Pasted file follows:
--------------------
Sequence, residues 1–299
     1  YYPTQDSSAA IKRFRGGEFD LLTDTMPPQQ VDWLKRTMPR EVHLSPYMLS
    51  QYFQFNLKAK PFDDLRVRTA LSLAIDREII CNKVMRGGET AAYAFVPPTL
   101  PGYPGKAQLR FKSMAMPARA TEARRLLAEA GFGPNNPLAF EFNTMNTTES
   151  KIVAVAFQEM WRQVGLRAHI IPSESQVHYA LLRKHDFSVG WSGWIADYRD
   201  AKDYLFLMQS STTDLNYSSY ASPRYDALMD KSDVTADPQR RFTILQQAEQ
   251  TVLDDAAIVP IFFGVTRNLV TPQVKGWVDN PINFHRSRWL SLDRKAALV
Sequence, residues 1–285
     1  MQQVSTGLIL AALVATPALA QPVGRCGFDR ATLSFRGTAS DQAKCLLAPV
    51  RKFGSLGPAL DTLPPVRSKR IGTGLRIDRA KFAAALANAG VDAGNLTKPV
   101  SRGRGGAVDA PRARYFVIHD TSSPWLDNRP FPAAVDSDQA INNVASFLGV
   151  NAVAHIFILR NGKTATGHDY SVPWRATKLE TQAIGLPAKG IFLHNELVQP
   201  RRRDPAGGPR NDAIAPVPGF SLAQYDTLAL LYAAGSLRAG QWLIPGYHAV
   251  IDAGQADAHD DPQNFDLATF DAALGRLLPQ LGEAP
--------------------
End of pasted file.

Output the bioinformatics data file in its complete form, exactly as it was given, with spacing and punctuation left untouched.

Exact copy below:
Sequence, residues 1–299
     1  YYPTQDSSAA IKRFRGGEFD LLTDTMPPQQ VDWLKRTMPR EVHLSPYMLS
    51  QYFQFNLKAK PFDDLRVRTA LSLAIDREII CNKVMRGGET AAYAFVPPTL
   101  PGYPGKAQLR FKSMAMPARA TEARRLLAEA GFGPNNPLAF EFNTMNTTES
   151  KIVAVAFQEM WRQVGLRAHI IPSESQVHYA LLRKHDFSVG WSGWIADYRD
   201  AKDYLFLMQS STTDLNYSSY ASPRYDALMD KSDVTADPQR RFTILQQAEQ
   251  TVLDDAAIVP IFFGVTRNLV TPQVKGWVDN PINFHRSRWL SLDRKAALV
Sequence, residues 1–285
     1  MQQVSTGLIL AALVATPALA QPVGRCGFDR ATLSFRGTAS DQAKCLLAPV
    51  RKFGSLGPAL DTLPPVRSKR IGTGLRIDRA KFAAALANAG VDAGNLTKPV
   101  SRGRGGAVDA PRARYFVIHD TSSPWLDNRP FPAAVDSDQA INNVASFLGV
   151  NAVAHIFILR NGKTATGHDY SVPWRATKLE TQAIGLPAKG IFLHNELVQP
   201  RRRDPAGGPR NDAIAPVPGF SLAQYDTLAL LYAAGSLRAG QWLIPGYHAV
   251  IDAGQADAHD DPQNFDLATF DAALGRLLPQ LGEAP